What is pipe marking?
The main reason for marking pipes is to indicate the hazardous substances that are in them. In addition, non-hazardous substances such as utility systems (air, steam, water, etc.) may be marked in the same style. This second usage ensures that there will be no misunderstandings because of unmarked pipes. During operational and maintenance activities, pipe markings improve safety by providing a clear picture of the installed system.
Blomsma Signs & Safety has many years of experience implementing pipe markings in the chemicals and petrochemicals industries and the offshore sector as well as heavy industry and wastewater purification plants. Our skilled workers can make their own determinations of what marking is required based on P&ID’s. We can also check the piping and installation diagrams (P&ID’s) supplied during the work, so that you have the current as-built information available immediately after completion.
Overview and high quality
When pipe markings are placed, it is important that this is done at the proper position. Where a lot of pipes come together in complex pipe systems or manifolds, we place the markers ‘in line’. This provides an uncluttered and clear picture. We also make sure that the materials employed are appropriate for the application, the surface of the material and the required lifespan. Blomsma Signs & Safety uses high-quality products with a five-year 3M guarantee and with a dirt-repellent laminate that reduces UV and resists standard chemicals.
There are quite a few factors that can cause quality issues with pipe markings. Factors that affect not only the quality of the labelling itself but also how the markings can affect your pipelines. Working closely with 3M, Blomsma Signs & Safety has developed its own product line for marking and labelling pipes, PolyesPro® pipe markings.
Download the PolyesPro® datasheet here.
Our white paper, which was produced in collaboration with 3M, gives a description of the most commonly occurring problems and we also tell you how it can be done properly. Download the white paper ‘Pipeline marking: Quality aspects for reliable information transfer’ here.
GHS pipe marking
The Globally Harmonized System (GHS) is the uniform, worldwide system for the labelling of reservoirs and pipes that hold or transport chemical substances and mixtures based on their dangerous properties. The marking of pipes and tanks are obligated by law through international and national rules and regulations.
Our pipe marking contains the colour code for the medium, the flow direction(s), the correct GHS hazard symbols and a text describing the medium which is readable from every position. This layout guarantees instant recognition of the medium and any associated hazards at a glance. By using high-quality materials and applying GHS symbols your pipe markings will also be future-proof.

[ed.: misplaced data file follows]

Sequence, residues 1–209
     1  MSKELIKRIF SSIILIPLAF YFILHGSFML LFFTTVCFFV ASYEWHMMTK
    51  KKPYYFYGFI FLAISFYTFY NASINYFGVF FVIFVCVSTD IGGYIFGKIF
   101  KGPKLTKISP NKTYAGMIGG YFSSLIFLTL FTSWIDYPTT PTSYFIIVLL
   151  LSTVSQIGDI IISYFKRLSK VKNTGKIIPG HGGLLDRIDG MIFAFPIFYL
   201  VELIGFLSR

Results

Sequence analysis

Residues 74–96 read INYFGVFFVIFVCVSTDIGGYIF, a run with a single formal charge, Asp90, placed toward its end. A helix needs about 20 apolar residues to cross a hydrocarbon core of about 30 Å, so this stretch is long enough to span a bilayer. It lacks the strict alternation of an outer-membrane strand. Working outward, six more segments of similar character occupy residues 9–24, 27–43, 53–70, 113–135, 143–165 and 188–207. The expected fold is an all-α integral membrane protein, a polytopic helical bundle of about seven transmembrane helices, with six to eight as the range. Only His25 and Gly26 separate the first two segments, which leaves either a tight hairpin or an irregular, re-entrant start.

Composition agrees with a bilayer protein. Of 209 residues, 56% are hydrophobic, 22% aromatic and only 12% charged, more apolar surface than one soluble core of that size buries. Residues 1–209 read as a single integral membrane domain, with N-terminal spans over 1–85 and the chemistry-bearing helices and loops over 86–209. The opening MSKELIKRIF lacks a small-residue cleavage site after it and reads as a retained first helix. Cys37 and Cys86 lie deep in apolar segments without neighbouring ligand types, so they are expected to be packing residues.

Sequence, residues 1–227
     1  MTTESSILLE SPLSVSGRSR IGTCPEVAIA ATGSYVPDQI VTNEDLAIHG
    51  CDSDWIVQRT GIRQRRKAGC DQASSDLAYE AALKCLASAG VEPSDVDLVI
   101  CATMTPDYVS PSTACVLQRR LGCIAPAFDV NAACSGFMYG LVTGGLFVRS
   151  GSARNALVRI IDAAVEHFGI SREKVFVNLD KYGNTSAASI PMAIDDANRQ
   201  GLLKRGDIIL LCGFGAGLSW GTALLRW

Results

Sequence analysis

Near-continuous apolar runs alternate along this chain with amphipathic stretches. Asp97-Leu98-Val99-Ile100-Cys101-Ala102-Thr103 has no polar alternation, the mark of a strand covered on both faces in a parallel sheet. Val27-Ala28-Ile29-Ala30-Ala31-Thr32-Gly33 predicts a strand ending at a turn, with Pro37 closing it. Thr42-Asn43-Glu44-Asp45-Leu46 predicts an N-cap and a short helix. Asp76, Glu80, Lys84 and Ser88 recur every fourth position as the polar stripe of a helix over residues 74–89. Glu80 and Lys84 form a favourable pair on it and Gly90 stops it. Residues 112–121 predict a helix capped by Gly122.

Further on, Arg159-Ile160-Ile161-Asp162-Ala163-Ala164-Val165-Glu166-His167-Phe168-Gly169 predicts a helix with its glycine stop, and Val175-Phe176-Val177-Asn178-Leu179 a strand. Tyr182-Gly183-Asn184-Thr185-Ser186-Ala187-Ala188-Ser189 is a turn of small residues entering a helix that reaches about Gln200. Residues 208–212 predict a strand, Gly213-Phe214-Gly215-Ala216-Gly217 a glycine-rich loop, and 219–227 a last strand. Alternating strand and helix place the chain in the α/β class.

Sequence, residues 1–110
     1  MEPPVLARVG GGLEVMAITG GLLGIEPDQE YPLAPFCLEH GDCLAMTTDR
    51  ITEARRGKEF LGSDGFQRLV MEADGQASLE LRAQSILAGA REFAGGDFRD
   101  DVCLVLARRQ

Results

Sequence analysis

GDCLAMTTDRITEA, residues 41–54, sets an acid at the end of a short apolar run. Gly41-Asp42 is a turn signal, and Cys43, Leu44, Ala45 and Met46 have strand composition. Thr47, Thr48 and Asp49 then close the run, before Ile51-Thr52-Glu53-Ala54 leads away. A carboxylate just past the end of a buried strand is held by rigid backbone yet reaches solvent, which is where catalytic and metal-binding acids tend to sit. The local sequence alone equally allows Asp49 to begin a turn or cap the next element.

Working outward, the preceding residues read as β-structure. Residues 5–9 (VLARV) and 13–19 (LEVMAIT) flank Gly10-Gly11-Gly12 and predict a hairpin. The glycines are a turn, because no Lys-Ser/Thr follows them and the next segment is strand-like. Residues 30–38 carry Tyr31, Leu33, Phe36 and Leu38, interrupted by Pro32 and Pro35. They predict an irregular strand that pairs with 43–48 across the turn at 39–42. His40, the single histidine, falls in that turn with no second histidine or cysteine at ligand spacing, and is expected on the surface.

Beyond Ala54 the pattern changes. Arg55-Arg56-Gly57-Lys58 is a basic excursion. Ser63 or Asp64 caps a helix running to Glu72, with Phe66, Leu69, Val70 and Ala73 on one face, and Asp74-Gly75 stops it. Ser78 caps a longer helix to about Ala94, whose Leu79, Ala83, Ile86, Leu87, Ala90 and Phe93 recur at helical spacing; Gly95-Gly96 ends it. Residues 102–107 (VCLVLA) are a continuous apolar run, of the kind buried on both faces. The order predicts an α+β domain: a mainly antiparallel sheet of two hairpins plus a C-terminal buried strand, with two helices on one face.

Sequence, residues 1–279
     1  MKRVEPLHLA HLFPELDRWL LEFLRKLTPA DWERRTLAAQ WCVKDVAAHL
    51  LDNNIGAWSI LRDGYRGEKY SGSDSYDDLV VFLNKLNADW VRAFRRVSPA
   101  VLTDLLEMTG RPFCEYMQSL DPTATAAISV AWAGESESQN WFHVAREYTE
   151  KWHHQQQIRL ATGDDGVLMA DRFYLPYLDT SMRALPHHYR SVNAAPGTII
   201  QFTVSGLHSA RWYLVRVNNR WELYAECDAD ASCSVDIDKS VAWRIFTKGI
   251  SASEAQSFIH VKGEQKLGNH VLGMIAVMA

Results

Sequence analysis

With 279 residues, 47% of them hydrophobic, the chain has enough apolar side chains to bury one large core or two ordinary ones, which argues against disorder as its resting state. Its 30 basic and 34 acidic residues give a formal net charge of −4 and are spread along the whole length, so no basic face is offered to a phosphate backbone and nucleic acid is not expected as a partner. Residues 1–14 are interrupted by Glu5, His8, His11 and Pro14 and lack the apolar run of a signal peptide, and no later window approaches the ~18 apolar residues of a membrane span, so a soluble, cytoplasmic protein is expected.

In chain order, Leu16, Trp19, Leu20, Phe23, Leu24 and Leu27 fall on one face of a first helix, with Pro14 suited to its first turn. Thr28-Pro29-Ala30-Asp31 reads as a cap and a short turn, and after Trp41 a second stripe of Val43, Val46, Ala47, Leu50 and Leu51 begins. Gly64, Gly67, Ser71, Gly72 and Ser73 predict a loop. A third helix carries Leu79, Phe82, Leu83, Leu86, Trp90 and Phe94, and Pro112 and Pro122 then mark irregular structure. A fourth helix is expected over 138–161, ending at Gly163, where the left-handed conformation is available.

In accordance with national legislations, ISO-14726, DIN2403 or NORSOK
When marking pipes, we assess not only what is required by law but also what is desirable. Marking utility pipes as well, rather than only the pipes containing hazardous substances, will make things clearer and therefore provide a picture of the entire process. Because there are then no unmarked pipes, incidents are prevented as there is no longer any doubt whether pipes contain hazardous substances or not. After all, pressurized steam or air pipes present a risk too. Pipes are marked in accordance with ISO-14726, DIN2403, NORSOK L-004, NEN3050 or other national or international standards.
Pipeline systems containing regularly changing substances
From the Tank storage industry, among other industries, there are many questions about the usefulness of marking all pipeline systems. This is partly caused by a practical challenge; the tanks’ and pipes’ contents change on a regular basis. In practice, this continuous process means that operators are working daily to adjust markings on pipelines and tanks based on the product that is present at that time. In terms of work, this means that markings must be made or ordered, old markings removed and new ones applied. At terminals with a substantial pipeline network this means a lot of work, work that cannot be directly linked to the productivity and efficiency of the terminal. In terms of signage, this can cause the perception that there is an ‘overload’ of signs and markings. Legislation and regulations however, offer opportunities to give a pragmatic interpretation to the positioning of the pipe markings.
In our 16-page white paper called ‘Pipe marking for pipeline systems containing regularly changing substances’ you can read all about the challenges and risks, legal requirements and standards and practical solutions.
You can download our white paper “Pipe marking for pipeline systems containing regularly changing substances” here.